Wednesday, January 25, 2006

Boehner Calls on Republicans to Build 'A Majority That Matters'

In an op-ed posted on, Rep. John Boehner (R-West Chester) explained his call for Republicans to renew the vision and boldness they had during the Gingrich Revolution of 1994 and the innovative legislative proposals that encompassed the Contract With America. Boehner a struck a theme for his campaign to succeed Rep. Tom DeLay (R-TX) as majority leader: 'A Majority That Matters.' In other words, a Republican majority that is hawkish on spending (including in Iraq, see below) and other issues that strike a chord with disillusioned conservatives. Boehner laundry lists various legislative victories of Congressional Republicans since their takeover of the House of Representatives in 1994 including the largest tax cut in US history under the urging of the Bush Administration and the highlights of the Contract With America that were all passed in the first 100 days of the Republican majority in Congress. The substance of his article has some eyebrow-raising comments including criticism of the current House leadership for simply surrendering Congress' power of the purse to the Bush Administration over Iraq. Boehner is currently embroiled in a three-way race (Boehner, Blunt, and Shadegg) to replace embattled Rep. Tom DeLay (R-TX) as US House Majority Leader.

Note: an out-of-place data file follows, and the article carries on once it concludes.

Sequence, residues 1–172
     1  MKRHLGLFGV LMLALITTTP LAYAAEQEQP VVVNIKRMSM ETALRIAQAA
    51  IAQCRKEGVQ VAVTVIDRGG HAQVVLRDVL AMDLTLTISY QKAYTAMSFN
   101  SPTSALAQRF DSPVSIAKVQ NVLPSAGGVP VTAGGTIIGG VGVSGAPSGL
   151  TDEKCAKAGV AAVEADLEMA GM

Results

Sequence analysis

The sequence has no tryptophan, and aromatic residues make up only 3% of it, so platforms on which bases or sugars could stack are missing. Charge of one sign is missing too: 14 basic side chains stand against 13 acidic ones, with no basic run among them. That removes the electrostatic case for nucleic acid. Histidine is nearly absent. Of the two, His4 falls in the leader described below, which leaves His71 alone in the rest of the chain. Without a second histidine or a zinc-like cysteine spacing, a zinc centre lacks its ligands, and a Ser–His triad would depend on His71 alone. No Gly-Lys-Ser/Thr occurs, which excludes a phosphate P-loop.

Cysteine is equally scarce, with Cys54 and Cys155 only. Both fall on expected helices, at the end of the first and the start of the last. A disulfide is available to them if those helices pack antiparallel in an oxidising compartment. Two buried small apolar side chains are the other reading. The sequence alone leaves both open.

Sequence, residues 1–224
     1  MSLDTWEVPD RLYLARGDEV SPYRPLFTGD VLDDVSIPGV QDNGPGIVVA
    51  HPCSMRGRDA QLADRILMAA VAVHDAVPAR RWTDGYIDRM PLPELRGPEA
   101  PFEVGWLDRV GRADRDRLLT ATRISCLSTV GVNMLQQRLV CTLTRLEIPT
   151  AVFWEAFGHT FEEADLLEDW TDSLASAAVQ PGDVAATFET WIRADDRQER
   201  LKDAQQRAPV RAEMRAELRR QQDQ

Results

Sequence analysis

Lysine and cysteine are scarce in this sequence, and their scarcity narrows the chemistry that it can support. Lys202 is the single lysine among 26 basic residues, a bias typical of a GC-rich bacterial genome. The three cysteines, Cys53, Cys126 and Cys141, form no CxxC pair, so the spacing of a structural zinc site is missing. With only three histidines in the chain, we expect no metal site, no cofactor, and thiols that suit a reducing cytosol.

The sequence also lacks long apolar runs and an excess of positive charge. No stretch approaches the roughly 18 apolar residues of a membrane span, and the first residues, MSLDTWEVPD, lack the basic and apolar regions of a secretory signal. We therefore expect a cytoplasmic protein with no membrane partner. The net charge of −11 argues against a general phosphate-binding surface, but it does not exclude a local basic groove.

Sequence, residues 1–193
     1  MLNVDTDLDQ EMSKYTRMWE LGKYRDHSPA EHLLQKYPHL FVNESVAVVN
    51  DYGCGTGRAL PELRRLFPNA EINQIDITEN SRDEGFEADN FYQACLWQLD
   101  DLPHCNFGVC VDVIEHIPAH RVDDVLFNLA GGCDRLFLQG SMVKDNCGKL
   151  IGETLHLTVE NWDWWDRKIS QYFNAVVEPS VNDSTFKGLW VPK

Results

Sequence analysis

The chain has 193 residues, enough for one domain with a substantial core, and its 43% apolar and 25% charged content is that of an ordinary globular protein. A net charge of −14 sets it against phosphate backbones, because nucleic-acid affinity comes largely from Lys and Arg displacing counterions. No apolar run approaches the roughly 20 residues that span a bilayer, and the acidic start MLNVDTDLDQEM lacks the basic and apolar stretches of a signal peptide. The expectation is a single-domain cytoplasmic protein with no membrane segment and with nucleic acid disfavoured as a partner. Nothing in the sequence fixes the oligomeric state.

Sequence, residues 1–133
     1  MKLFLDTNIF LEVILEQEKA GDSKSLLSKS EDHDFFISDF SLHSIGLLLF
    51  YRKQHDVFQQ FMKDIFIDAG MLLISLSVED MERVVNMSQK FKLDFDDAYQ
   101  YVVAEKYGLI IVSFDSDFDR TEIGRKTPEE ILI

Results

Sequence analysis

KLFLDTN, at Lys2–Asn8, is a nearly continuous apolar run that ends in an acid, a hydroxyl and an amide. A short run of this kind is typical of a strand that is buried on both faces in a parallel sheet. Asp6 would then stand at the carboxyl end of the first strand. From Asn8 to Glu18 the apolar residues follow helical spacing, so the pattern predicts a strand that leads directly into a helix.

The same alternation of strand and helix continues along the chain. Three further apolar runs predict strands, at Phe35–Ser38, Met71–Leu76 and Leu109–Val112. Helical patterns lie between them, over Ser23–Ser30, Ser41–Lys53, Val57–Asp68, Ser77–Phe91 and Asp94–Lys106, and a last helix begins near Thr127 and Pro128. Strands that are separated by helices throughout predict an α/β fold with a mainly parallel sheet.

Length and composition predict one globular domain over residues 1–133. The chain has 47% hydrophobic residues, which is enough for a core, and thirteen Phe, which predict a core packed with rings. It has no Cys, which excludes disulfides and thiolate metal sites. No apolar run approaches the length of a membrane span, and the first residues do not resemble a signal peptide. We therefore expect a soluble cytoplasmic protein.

Perhaps the biggest surprise of the article is what Boehner did not say. While he devotes a sizeable paragraph at the end of his op-ed to the recent scandals plaguing House Republicans, most of his article his devoted to conservative values and principles rather than the current state of the Republican Party. The focus of Boehner's article compares starkly with Rep. John Shadegg's (R-AZ) article from last week. Shadegg devotes almost the entirety of his article to the issue of corruption and even mentions Boehner by name, "Yesterday John Boehner wrote on this page about a proposal to reform the earmark process offered by Rep. Jeff Flake. While Mr. Boehner is suddenly talking about this idea, I was one of the first co-sponsors when it was introduced last spring. Aside from Shadegg treating "last spring" as if it were Biblical time, Boehner has always been a fiscal conservative and he has been especially troubled with recent spending hikes under Republican leadership. Boehner's election as US House Majority Leader would bring a lot of clout and public spotlight to the state of Ohio, which as an Ohioan I would like to see, but Boehner's election as Majority Leader would mean a lot as a Republican who is looking for a Majority Leader that is the opposite of Tom DeLay. John Boehner's mild-manndered approach to politics (which includes a willingness to reasonably compromise) is what this party and Congress needs now more than ever before.


Post a Comment

<< Home